A field comprising creativity, imagination and problem solving, architecture is composed of various elements. With aeons of history, styles reflecting different regions, materials and colour palettes, religious or commercial architectural structures are true wonders to behold. There are different types of tourism in architecture, to see ancient ruins or modern skyscrapers and many more. Here are a few examples of architectural tourism.
1. Sacral Architectural tourism
Otherwise known as religious architecture, sacral architecture consists of structures classified or signify a religion. Some are usually places of worship and are considered intentional or sacred spaces. Stupas, temples, monasteries, mosques, basilicas and synagogues are some examples. Ancient tombs and burial structures like the pyramids of Giza are also sacral. Since these are influential buildings of any community, they gather tourists and believers of faith from far and wide. Some well-known examples are Hagia Sophia in Istanbul, Turkey and Angkor Vat in Cambodia.
2. Heritage Architectural Tourism
Structures which have withstood the tests of time, and are of historical and cultural importance come under Heritage tourism. Structures date back thousands of decades and, therefore, there is a spectrum timeline for them. Heritage structures are also called monuments. These structures also usually serve as a hub for a city or civilization development. Some examples include the Colosseum in Rome, Italy and Taj Mahal in India.
3. Modern Architecture tourism
This segment comprises structures which mark feats, incorporate the new world materials and give us a perspective of development. The word ‘modern’ represents a way of life, rather than a style. It comprises shopping malls, towers, bridges and hotels. Some examples are Burj Khalifa Hotel in Dubai and the Eiffel tower in Paris.
4. Regional Architecture tourism
Tourists in this segment select countries of choice, which represent a particular style of architecture. The goal here is to explore the country throughout the timeline, the culture, different typologies of buildings and more. The country becomes a destination, which is great for research purposes as well. Certain physical aspects contribute to the overall experience like the climate and terrain. For example, Scandinavian countries would have houses made of wood like log cabins with long roofs in the countryside. Italy proudly boasts about having architecture from 3500BC to the present, counting styles from ancient Roman to Neo-classical.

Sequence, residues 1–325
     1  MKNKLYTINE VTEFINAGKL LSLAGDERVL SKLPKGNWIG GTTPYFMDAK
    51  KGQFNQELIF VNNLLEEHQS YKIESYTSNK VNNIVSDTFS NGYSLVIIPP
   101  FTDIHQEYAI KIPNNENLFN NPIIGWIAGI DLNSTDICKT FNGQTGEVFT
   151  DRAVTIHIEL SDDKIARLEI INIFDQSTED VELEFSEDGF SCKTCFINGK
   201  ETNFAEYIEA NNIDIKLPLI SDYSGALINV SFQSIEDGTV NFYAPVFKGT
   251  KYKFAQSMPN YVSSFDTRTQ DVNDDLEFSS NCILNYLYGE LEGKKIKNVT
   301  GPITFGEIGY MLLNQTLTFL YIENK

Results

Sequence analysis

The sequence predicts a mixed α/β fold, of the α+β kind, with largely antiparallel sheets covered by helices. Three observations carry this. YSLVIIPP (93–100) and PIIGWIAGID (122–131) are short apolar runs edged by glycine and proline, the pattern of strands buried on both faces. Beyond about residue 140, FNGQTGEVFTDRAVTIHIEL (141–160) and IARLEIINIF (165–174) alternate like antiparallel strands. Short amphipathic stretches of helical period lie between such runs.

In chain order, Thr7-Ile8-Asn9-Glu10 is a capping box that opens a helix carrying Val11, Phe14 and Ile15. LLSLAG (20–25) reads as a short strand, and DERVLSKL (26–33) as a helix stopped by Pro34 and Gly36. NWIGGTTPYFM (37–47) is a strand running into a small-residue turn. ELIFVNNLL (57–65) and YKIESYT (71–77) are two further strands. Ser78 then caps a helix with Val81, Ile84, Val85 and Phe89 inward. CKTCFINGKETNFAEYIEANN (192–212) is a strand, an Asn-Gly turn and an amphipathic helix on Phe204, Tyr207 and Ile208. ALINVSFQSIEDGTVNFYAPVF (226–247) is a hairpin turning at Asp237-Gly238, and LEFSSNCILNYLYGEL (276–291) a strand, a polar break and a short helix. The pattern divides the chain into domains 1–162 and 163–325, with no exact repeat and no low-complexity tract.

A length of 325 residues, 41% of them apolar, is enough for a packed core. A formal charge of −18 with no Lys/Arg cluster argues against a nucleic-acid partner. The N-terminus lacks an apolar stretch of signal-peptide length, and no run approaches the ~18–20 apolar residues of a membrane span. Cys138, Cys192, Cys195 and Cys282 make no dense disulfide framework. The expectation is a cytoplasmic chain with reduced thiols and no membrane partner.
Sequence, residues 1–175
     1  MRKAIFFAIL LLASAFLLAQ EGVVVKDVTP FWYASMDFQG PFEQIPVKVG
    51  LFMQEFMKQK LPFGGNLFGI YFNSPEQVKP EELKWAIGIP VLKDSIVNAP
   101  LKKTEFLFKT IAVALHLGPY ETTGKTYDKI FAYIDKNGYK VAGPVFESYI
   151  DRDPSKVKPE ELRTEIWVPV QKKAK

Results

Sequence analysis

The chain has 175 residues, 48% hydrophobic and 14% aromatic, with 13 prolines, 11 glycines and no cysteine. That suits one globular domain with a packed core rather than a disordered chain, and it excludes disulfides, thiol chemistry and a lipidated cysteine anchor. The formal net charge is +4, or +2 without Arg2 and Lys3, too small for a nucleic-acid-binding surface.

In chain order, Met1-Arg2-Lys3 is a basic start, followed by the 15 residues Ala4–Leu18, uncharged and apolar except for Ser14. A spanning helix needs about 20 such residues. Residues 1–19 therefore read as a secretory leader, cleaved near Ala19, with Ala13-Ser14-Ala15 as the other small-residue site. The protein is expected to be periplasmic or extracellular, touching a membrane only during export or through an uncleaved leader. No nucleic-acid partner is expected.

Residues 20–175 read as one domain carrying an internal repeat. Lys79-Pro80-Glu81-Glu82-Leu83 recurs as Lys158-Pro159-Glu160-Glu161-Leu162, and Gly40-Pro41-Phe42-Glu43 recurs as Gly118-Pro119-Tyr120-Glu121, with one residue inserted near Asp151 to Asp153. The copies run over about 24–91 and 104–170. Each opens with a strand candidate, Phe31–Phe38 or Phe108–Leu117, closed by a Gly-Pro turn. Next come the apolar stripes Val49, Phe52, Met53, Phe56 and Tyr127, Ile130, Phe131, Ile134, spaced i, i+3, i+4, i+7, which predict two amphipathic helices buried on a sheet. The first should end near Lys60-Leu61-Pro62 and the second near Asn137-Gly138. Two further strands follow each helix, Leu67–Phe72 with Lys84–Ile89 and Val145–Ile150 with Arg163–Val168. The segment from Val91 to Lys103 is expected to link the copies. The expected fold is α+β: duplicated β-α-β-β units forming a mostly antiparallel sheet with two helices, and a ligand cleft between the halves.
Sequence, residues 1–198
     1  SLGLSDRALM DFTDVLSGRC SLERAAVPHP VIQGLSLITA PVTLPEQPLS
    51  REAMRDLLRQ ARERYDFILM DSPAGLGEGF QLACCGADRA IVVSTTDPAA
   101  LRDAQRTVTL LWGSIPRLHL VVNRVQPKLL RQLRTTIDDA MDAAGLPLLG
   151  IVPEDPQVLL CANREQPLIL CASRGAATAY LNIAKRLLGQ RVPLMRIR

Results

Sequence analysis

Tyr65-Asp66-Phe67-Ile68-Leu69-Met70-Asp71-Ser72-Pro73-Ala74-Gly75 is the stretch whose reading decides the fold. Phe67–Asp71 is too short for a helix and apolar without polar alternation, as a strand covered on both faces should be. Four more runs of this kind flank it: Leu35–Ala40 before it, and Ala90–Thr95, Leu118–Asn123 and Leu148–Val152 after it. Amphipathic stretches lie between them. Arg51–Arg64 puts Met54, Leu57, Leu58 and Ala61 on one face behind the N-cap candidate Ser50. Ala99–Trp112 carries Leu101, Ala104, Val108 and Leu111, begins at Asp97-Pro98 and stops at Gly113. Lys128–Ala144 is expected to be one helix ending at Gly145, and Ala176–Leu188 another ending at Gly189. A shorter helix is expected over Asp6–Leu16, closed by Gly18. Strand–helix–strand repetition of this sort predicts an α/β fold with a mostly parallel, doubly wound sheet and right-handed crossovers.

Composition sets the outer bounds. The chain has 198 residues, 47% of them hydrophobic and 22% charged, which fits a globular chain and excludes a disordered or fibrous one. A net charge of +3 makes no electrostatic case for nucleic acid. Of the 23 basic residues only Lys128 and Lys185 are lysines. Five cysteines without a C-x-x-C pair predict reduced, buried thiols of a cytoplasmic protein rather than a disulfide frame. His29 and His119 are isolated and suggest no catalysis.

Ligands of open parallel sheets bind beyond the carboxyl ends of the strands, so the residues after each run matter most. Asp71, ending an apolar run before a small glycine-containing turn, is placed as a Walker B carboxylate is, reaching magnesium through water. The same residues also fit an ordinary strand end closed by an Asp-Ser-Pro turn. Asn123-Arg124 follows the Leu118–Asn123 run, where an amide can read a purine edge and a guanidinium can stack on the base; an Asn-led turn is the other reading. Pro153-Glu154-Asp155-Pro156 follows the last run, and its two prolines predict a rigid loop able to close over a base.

5. Architectural typology tourism
Some tourists have a particular typology in mind, which they would like to explore as case studies and research on it further. Some general typologies include commercial or recreational, and tourists would choose hotspots of that typology. France, for example, has many museums. A museum enthusiast would consider Paris as an ultimate destination. New York also has many different museums and exhibition centres.
6. Architectural style
Similar to typologies, tourists could be enthusiastic about a particular style of architecture and wish to visit buildings constructed with the same. If one would like to see the Rajputana style of architecture, they are more likely to travel to Rajasthan, India or Madhya Pradesh, India. Bauhaus style enthusiasts can visit Israel and so on.
7. Works of a particular architect
Some tourists travel far and wide to see their favourite architect’s work. The aim here is to draw inspiration from their role-models and to experience the space designed by them. For example, Antoni Gaudi has most of his works in Spain which include Park Guell and Casa Mila.
8. Student Groups
Students travel in large groups to decrease expenses and visit more places in a short period. They usually become a part of tour groups, made specifically to get the gist of the location and for sight-seeing. On-site sketching and photography is an essential part of such a group. These tours inspire students in terms of concept and scale. After all, just learning about buildings in theory without any practical experience is sub-par.
9. The landmarks
Visiting all the major landmarks in the world could also be on a tourist’s bucket list. Landmarks define a city and make the city recognizable on a global scale. It is an integral part of an urban environment since it helps in wayfinding and mark sites of heritage and culture. For example, the Sydney Opera House was built as a platform to commemorate art and performances and act as a union place for artists and spectators alike. The Incan ruins of Machu Pichu are a must-see in Peru.
10. Offbeat architecture
Architecture doesn’t just comprise of buildings, but also artificial landscapes, installations and sculptures. These are both art and architecture since they have both concept and structure. Some have even coined a term, known as ‘architectural structure’ for such exhibits. Architecture is the science of designing spaces, which implies landscape architecture is the study of curating outdoor environments. These environments support the principal building and make it more welcoming. Elaborate French Baroque gardens are present on entrances of Chateaux and Palaces in France, which represent the grandeur of it.